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Computer Aided Design

​Computer-aided design (CAD) is the use of computers (or workstations) to aid in the creation, modification, analysis, or optimization of a design.[1] This software is used to increase the productivity of the designer, improve the quality of design, improve communications through documentation, and to create a database for manufacturing.[2] Designs made through CAD software are helpful in protecting products and inventions when used in patent applications. CAD output is often in the form of electronic files for print, machining, or other manufacturing operations. The terms computer-aided drafting (CAD) and computer aided design and drafting (CADD) is also used.[3]

Its use in designing electronic systems is known as electronic design automation (EDA). In mechanical design it is known as mechanical design automation (MDA), which includes the process of creating a technical drawing with the use of computer software.[4]

CAD software for mechanical design uses either vector-based graphics to depict the objects of traditional drafting, or may also produce raster graphics showing the overall appearance of designed objects. However, it involves more than just shapes. As in the manual drafting of technical and engineering drawings, the output of CAD must convey information, such as materials, processes, dimensions, and tolerances, according to application-specific conventions.

CAD may be used to design curves and figures in two-dimensional (2D) space; or curves, surfaces, and solids in three-dimensional (3D) space.[5][6]: 71, 106 

CAD is an important industrial art extensively used in many applications, including automotive, shipbuilding, and aerospace industries, industrial and architectural design, prosthetics, and many more. CAD is also widely used to produce computer animation for special effects in movies, advertising and technical manuals, often called DCC digital content creation. The modern ubiquity and power of computers means that even perfume bottles and shampoo dispensers are designed using techniques unheard of by engineers of the 1960s. Because of its enormous economic importance, CAD has been a major driving force for research in computational geometry, computer graphics (both hardware and software), and discrete differential geometry.[7]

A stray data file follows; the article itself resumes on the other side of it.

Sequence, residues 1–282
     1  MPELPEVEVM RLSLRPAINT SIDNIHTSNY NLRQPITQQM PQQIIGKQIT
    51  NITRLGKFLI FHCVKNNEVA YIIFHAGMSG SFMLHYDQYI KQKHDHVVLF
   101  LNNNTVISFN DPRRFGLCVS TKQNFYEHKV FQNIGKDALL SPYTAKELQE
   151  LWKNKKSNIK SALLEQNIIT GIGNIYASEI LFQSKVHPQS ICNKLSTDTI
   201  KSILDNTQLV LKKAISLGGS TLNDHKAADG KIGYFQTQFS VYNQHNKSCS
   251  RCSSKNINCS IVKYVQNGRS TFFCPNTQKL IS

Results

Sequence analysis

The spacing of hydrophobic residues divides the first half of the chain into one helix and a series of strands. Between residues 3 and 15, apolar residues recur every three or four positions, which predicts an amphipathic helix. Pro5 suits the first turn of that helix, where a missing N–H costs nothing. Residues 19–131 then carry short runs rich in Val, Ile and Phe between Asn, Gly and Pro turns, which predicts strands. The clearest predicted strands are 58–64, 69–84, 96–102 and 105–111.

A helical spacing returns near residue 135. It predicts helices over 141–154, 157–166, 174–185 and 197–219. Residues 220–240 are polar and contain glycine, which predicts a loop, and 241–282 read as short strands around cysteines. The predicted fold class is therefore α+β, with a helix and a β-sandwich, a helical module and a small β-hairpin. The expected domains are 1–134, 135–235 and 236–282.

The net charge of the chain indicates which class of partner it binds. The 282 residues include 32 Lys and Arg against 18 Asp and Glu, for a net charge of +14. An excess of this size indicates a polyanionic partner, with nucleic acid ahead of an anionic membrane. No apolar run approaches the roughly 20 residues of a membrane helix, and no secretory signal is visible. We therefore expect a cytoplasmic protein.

The design of geometric models for object shapes, in particular, is occasionally called computer-aided geometric design (CAGD).[8]

​Peterborough (/ˈpiːtərbərə, -ˌbʌrə/ (About this soundlisten)) is a cathedral city in Cambridgeshire, England, with a population of 202,110 in 2017.[5] Historically part of Northamptonshire, it is 76 miles (122 km) north of London, on the River Nene which flows into the North Sea 30 miles (48 km) to the north-east. The railway station is an important stop on the East Coast Main Line between London and Edinburgh. Peterborough is also the largest city and borough in Cambridgeshire and the East Anglia area of England.

The local topography is flat, and in some places the land lies below sea level, for example in parts of the Fens to the east of Peterborough. Human settlement in the area began before the Bronze Age, as can be seen at the Flag Fen archaeological site to the east of the current city centre, also with evidence of Roman occupation. The Anglo-Saxon period saw the establishment of a monastery, Medeshamstede, which later became Peterborough Cathedral.

The population grew rapidly after the railways arrived in the 19th century, and Peterborough became an industrial centre, particularly known for its brick manufacture. After the Second World War, growth was limited until designation as a New Town in the 1960s. Housing and population are expanding and a £1 billion regeneration of the city centre and immediately surrounding area is under way. Industrial employment has fallen since then, a significant proportion of new jobs being in financial services and distribution.